The meaning of megalith is a large stone used in construction, typically associated with Peru and Egypt, but actually found everywhere around the world. Here is another megalithic wall at Waterplace Park.

And in this view from the water at Waterplace Park…

…I detect earthwork activity here off to the side of the building in the foreground…

…like what you see at Mount Clare in Baltimore, Maryland…

…and the Akureyrikirkja, or church, in Akureyri, Iceland.

Lastly, the oldest shopping mall in America is in Providence. It is called The Arcade Providence, and is described as Greek Revival architecture said to have been built in 1828.

This is a historical depiction of the inside of The Arcade…

…and The Arcade in the present day.

I am going to here, and pick up the alignment in Massachusetts in the next post.

Circle Alignments on the Planet Washington, DC – Part 6 The Lower Hudson River in New York City and New Jersey

I am spending several posts in this part of the world because it is on the alignment, and there is so much to see. I am only scratching the surface of what is here.

I would like to highlight some places in New York City on the east-side of the Hudson River, and New Jersey on the west-side.

This is a view of the Manhattan Bridge in a part of Brooklyn referred to by the syllabic abbreviation of DUMBO, which stands for “Down Under the Manhattan Bridge Overpass.”

You can see the Empire State Building in the center of the bridge’s structural supports.

This happening was not a coincidental or random occurrence.

The Master Builders of the world were Master Engineers, Master Mathematicians & Geometricians, Master Astronomers, Master Hydrologists, so on. They knew what they were doing, and they knew where they were on the planet related to everywhere else.

Compare the perfectly proportioned geometric symmetry of the architecture in Banda Aceh in Indonesia on the left (before it was destroyed on December 26th of 2004 in what is called the Boxing Day Tsunami); with the architecture in Oxford, England in the middle; and that of the Palace of the Kings of Majorca on the right in Perpignan, France.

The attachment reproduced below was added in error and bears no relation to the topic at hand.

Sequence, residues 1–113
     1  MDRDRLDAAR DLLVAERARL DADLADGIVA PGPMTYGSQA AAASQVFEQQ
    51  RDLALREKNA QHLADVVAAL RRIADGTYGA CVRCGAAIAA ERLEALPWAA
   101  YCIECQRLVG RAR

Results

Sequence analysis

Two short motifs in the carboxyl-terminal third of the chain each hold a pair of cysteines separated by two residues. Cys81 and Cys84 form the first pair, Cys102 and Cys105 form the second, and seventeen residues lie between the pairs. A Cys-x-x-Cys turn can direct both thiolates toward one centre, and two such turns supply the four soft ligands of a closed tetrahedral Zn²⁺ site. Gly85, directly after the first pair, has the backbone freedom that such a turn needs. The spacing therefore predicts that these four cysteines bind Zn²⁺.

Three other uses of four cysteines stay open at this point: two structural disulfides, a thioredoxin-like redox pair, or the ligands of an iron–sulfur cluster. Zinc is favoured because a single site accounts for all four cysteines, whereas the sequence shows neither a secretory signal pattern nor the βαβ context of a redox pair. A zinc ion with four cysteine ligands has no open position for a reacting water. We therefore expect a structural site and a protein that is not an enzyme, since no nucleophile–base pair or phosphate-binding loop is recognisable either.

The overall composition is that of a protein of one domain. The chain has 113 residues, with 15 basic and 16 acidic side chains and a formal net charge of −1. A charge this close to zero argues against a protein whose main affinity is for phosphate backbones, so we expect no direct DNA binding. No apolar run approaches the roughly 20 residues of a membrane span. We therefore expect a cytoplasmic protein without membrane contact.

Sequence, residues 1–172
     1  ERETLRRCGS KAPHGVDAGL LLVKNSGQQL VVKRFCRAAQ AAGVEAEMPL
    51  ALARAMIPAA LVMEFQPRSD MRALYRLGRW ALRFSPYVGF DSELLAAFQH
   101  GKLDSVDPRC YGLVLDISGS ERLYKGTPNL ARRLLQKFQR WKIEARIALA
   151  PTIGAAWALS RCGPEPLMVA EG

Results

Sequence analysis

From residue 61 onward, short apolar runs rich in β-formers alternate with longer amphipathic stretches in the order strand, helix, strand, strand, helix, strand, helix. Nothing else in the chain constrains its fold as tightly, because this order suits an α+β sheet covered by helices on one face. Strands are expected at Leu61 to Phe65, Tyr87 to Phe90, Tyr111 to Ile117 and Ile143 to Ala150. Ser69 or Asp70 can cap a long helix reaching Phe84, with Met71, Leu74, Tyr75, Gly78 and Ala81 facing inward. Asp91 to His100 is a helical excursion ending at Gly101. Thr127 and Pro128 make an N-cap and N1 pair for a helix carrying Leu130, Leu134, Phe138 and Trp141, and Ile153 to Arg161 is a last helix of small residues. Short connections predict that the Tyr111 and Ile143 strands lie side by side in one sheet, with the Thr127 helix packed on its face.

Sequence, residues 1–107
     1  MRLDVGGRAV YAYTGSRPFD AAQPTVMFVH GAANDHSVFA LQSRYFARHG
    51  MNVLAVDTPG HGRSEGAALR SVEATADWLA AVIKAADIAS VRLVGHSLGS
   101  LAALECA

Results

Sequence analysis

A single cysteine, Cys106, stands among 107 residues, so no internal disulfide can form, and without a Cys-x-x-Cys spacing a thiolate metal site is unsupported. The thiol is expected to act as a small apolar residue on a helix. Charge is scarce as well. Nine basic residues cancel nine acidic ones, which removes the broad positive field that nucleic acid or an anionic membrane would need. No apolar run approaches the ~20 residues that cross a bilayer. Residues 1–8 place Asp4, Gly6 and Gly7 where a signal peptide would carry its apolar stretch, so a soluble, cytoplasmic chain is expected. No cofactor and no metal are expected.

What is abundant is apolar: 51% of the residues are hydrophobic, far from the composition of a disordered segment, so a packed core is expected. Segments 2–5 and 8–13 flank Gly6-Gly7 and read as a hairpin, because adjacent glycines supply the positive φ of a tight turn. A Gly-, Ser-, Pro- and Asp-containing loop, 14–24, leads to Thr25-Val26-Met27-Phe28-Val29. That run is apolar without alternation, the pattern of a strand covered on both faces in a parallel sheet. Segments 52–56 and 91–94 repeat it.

Another example of this is Manhattanhenge, an annual event during which the setting sun or the rising sun is aligned with the East-West street grid of Manhattan on dates evenly spaced around the summer solstice and winter solstice. 

There are similar alignments with the sun and street plan that occur in other major cities, like Toronto, Baltimore, Chicago, and Montreal. 

This is the historic Stone Street in the Financial District in Lower Manhattan…

…compared with the Casbah in Old Algiers in Algeria…

…the city of Cusco in Peru…

…and the Royal Mile in Edinburgh, Scotland.

Just north of the Financial Districts on the Hudson River, Piers 25 & 26 are part of the the Hudson River Park, a park that is part of the Manhattan Waterfront Greenway that extends from 59th Street South to Battery Park.

Pier 25 has recreational facilities, and Pier 26 has an ecological education and research center.

These two piers are part of the TriBeCa section of the Hudson River Park.

The name TriBeCa is also a syllabic abbreviation, of “Triangle Below Canal Street,” though it is actually a trapezoid bounded by Canal Street, West Street, Broadway, and Chambers Street.

TriBeCa is one of Manhattan’s most desirable and fashionable neighborhoods, and its most expensive.

I have put side-by-side comparisons of this building on the top left in TriBeCa, with a building in Chongjin, a port city in North Korea on the top right; and on the bottom left is the Wako Department Store in the Ginza Shopping District of Tokyo; and the same style of building on the bottom right is in Glasgow, Scotland.

In these next examples are comparisons of design elements in TriBeCa on the top left; the Town Hall of Augsburg Germany on the top right; the Town Hall of Bradford-on-Avon in southern England on the bottom left; and the Moscow State Historical Museum in Russia on the bottom right.

And here is a comparison of examples historic fire departments, with the one in TriBeCa on the left, which has a similar look to this fire department in Los Angeles, all the way across the United States from New York City in the middle; and on the right, the Birmingham fire department in England across the North Atlantic Ocean.